For physician Weigel, who runs his practice in partnership with his wife, the small conveniences offered by Hello Health have been especially appealing. “Patients who spend their winters in Florida or their summers in Maine can easily access their medical records online, so they can show them to doctors there,” he says. And several of his New Jersey patients have been taking advantage of the ability to schedule appointments online, he says. “The majority are making appointments on Sunday night, so they don’t have to wait until the office opens on Monday. That has been helpful.”

As Hello Health expands nationwide, it will likely run up against competition from a variety of sources. Several large hospital groups and insurance companies have launched their own EHR systems, and the universe of independent players is growing, too. There are major players, such as Athenahealth (NASDAQ: ATHN) and eClinicalWorks, plus a host of more specialized startups. On the appointment-scheduling side of the equation, for example, Hello Health competes with its New York neighbor, ZocDoc, which has raised $95 million since it was founded in 2007. Then there’s Practice Fusion, a San Francisco-based EHR company that has raised $34 million in venture capital to expand its platform, which is fueled by advertising. Armstrong isn’t worried. “Practice Fusion is free but the doctors are being asked to look at advertising,” he says. “The shortcoming there is that it doesn’t offer revenue-generating opportunities for doctors and it doesn’t offer the strong patient engagement.”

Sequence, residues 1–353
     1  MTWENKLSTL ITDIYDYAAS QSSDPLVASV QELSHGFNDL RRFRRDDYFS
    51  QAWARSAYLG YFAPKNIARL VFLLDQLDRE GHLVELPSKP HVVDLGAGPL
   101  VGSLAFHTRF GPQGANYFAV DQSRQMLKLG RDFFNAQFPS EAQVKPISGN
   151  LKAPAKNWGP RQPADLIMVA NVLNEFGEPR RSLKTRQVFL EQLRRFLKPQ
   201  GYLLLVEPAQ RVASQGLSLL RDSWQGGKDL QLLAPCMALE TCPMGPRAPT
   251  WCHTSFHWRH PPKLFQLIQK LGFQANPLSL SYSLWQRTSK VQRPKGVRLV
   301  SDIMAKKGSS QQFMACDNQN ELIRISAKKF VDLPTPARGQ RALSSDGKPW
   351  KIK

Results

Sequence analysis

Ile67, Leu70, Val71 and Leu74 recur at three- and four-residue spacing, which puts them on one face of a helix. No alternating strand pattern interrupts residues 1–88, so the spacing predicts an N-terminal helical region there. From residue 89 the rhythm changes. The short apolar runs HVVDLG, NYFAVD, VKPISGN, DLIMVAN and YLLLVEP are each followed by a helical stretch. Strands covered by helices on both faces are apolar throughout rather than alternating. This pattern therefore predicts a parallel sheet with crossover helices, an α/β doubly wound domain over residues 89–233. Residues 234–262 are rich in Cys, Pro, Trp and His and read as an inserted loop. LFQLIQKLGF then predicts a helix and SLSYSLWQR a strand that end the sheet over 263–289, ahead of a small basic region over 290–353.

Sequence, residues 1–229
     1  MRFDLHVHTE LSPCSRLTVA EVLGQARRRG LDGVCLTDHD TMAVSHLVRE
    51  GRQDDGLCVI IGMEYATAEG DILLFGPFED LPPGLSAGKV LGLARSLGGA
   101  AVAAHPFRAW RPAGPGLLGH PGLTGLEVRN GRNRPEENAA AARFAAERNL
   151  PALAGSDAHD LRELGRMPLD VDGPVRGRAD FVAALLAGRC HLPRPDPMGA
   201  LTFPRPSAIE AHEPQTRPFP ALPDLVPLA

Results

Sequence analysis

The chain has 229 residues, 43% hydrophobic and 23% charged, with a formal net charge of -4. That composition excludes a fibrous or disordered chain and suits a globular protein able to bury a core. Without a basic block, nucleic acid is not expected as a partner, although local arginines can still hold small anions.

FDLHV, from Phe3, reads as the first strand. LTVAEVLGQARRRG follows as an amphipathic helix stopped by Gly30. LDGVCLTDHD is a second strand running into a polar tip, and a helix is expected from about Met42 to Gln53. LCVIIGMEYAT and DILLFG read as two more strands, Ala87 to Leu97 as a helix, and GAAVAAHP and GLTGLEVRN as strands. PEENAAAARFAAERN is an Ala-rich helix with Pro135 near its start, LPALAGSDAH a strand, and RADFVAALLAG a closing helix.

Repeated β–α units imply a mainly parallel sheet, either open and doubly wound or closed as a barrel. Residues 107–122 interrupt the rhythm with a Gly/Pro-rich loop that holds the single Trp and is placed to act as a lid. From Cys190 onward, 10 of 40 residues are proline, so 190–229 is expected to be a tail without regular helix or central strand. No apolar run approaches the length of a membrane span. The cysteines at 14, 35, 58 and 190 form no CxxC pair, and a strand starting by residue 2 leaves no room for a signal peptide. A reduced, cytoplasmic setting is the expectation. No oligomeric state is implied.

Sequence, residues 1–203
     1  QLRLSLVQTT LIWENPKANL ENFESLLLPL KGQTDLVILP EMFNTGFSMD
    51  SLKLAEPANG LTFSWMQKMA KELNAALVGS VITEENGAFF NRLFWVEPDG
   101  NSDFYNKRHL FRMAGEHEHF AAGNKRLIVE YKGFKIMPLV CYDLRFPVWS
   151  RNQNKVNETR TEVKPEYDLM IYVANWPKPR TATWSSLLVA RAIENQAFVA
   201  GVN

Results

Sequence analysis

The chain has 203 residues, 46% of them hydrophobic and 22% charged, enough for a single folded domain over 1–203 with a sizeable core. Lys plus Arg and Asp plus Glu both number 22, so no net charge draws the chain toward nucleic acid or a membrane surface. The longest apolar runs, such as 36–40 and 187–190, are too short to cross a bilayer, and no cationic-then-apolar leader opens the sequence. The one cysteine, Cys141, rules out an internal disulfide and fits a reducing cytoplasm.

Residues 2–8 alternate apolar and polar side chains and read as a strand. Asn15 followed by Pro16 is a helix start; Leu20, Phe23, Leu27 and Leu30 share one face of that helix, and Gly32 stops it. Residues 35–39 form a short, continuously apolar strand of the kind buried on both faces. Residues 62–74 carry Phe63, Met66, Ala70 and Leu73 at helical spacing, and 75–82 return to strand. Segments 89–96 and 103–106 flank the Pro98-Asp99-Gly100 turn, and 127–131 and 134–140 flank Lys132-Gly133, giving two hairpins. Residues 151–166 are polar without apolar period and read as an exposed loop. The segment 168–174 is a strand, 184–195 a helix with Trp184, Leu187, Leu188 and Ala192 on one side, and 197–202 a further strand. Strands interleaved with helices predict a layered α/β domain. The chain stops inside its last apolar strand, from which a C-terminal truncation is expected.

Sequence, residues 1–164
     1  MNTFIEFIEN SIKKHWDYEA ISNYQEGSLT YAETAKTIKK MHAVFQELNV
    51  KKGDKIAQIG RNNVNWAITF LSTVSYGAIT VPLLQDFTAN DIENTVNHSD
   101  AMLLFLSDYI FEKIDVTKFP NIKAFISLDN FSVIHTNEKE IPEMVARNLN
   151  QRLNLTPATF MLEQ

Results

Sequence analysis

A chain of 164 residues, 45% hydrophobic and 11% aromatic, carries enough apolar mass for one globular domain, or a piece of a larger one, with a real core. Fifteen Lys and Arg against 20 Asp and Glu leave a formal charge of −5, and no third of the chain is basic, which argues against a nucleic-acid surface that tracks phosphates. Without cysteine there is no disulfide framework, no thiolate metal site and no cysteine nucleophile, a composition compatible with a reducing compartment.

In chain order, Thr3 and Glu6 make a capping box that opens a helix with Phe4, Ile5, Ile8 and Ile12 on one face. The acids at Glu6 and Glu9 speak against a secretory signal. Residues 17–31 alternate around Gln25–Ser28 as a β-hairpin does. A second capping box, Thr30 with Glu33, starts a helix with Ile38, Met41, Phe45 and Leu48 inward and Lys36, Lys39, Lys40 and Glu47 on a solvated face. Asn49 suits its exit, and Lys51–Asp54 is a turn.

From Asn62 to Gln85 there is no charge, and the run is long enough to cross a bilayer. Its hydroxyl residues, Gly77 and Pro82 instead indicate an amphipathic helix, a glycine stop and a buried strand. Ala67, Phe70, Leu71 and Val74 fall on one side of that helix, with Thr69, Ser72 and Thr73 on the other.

Hello Health is hoping to boost its patient-engagement capabilities via a partnership it formed in December with San Diego-based electronics giant Qualcomm (NASDAQ: QCOM). The two companies are working together to develop a host of smart medical gizmos that can collect information from patients and beam it wirelessly into their EHRs. Hello Health is working on the initiative with Qualcomm Life, a new subsidiary that’s developing a hub of interconnected medical devices. “Say you step on a scale in your home that has a wireless sensor,” Armstrong says. “The hub can take that information and bring it up into the cloud. We can snag that data and bring it into the Hello Health platform.”

In February, Hello Health and Qualcomm Life appeared together at the Healthcare Information and Management Systems conference, where they manned a pavilion that used a dashboard display to showcase a variety of wireless, Internet-connected medical devices. “The dashboard is a great example of how biometric data can be aggregated and displayed,” says a Qualcomm spokesman in an e-mail.

Armstrong says that Hello Health will be using its new funding to expand its marketing team, so it can roll out its product in all 50 states. The company is also looking for ways to enhance the platform’s capabilities in areas such as billing, Armstrong says. He adds that the company is focusing on marketing the platform to small, independent practices that have between one and five physicians. “These are the doctors that don’t have a lot of time to deal with technology and that question whether they can afford an EHR, even with the government subsidies,” he says.